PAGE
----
Skip to content

AI and Heterogeneous Systems

June 26, 2019


Artificial intelligence and machine learning are activities that are highly compute intensive.  This means that the hardware that developers use to implement AI systems is very important for the success of the project. This is true of new projects as well and the retrofit of existing legacy applications.  When thinking about the hardware requirements for AI projects, considerations about CPU use vs GPU use are always surfacing, as we see in our latest Artificial Intelligence and Machine Learning Survey. In this survey of over 500 professional developers actively working with AI and ML and conducted in May 2019, we explored the implications and usage of both CPUs and GPUs when working with AI systems.

Many systems require the use of at least one CPU and one GPU, and sometimes other forms of accelerators. While these architectures are two different types of integrated circuits, they aren’t necessarily part of a heterogeneous hardware approach. Heterogeneous hardware is the inclusion of multiple types of architectures on the same memory bus that can run instructions in parallel and share from the same pool of memory. The proximity and sharing of resources reduces the memory needed for scheduling, but also requires particular attention to how memory is shared.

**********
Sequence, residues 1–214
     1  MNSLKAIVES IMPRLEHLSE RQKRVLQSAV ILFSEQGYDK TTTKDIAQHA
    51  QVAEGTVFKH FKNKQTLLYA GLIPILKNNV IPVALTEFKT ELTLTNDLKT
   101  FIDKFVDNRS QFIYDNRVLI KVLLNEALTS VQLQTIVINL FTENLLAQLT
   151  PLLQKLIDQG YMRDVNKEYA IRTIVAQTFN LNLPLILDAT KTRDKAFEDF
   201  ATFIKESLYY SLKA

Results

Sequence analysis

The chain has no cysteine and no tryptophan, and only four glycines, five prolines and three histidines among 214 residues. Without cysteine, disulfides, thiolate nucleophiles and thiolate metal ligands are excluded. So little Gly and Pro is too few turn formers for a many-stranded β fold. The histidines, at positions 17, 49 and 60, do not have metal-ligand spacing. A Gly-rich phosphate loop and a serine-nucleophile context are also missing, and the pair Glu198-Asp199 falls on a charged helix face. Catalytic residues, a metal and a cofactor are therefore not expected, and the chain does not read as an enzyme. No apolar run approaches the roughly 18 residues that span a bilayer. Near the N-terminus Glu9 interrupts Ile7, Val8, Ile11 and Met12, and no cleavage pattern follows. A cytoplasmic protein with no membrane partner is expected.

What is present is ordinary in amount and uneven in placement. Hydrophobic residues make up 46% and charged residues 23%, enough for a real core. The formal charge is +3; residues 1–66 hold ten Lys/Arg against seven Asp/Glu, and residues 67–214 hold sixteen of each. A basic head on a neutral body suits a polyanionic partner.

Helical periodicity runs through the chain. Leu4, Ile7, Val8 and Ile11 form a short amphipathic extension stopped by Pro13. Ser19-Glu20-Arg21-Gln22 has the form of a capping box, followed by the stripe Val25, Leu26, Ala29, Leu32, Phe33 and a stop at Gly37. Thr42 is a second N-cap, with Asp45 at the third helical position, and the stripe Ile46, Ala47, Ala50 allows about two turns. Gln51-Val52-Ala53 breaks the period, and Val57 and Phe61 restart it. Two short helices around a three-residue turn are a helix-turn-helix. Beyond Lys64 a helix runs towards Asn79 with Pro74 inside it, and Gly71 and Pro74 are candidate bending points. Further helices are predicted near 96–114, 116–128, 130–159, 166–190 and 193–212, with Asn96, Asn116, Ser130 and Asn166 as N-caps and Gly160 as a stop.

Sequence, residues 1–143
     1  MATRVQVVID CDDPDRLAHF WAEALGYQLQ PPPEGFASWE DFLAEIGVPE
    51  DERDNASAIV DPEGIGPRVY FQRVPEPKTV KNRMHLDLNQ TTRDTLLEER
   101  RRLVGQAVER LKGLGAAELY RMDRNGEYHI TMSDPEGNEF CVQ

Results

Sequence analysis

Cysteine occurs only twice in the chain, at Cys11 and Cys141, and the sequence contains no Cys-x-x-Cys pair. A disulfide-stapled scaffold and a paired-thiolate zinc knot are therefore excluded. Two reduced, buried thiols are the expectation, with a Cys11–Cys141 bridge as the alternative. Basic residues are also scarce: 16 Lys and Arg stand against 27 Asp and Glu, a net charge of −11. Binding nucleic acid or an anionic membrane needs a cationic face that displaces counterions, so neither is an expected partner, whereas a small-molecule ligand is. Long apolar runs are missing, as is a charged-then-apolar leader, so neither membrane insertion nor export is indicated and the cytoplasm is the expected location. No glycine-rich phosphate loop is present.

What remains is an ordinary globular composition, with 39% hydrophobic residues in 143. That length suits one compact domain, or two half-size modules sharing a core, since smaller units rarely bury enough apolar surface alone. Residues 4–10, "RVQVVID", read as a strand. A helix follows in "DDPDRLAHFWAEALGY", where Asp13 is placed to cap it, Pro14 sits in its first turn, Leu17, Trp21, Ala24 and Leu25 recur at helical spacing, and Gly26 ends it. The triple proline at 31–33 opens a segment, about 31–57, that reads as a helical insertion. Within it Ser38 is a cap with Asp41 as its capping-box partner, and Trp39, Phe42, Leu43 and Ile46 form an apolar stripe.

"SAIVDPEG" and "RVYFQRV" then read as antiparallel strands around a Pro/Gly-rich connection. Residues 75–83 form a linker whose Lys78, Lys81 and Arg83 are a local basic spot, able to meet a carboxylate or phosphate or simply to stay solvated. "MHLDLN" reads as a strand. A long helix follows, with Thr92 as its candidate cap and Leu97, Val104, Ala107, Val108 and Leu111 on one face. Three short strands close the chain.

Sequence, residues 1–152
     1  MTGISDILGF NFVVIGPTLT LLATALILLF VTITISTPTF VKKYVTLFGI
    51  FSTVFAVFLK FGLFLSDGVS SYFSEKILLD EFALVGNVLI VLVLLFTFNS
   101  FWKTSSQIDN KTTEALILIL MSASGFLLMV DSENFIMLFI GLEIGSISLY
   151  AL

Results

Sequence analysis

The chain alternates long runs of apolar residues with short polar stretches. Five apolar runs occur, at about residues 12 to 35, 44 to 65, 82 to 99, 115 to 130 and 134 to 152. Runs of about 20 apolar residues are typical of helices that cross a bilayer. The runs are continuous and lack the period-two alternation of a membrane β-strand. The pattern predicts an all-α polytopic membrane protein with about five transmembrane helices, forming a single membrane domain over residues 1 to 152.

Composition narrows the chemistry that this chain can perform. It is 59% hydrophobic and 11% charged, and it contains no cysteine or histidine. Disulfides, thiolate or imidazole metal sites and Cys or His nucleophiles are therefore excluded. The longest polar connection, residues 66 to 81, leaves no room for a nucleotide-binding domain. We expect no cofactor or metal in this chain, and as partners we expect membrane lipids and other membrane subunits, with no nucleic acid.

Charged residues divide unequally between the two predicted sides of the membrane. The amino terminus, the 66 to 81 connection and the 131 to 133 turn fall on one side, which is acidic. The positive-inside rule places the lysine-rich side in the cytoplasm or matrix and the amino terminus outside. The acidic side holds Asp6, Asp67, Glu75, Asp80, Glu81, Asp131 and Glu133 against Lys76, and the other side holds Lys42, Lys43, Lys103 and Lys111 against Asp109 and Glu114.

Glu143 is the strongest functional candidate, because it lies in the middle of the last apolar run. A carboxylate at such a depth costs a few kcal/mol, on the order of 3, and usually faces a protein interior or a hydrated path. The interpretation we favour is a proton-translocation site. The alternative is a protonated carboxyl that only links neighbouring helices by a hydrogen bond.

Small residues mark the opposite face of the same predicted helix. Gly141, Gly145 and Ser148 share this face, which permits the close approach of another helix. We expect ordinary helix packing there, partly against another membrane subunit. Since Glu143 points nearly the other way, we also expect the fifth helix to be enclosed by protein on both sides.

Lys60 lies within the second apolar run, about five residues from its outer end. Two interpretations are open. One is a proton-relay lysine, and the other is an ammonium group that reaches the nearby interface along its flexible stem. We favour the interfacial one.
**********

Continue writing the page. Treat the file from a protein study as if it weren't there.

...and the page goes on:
Read more…

Measuring and Forecasting Developer Populations

November 19, 2018

Some market data is current and measured.  Some looks to the future and is forecast.  While very different from each other, each has its own value and reliability.

For example, Evans Data’s recently released Global Developer Population and Demographics Report , shows a total worldwide population of approximately 23 million developers.  This is forecast to grow to 27.7 million by 2023 which is based on a growth rate that varies slightly by year but turns in an average of 3.86%.  Growth projections are based on a very long and solid regression analysis going back to 2006 and, barring a huge economic event of some kind, they are quite reliable.

In the same study we find that 7.3 million developers are using Clouds for their development environment (either public, private or hybrid), meaning they write their code, debug, build etc in the Cloud itself.  Cloud vendors of course encourage this and often supply tools and incentives for developers to work in their Cloud environments.  These efforts have been very successful and we find that an additional 4.9 million developers report that they EXPECT to be developing applications in the Cloud within the next 6 months.  That’s a highly significant growth rate and if that were achieved and repeated every six months for 1.5 years the Cloud would be the ONLY environment that developers would use in just two years.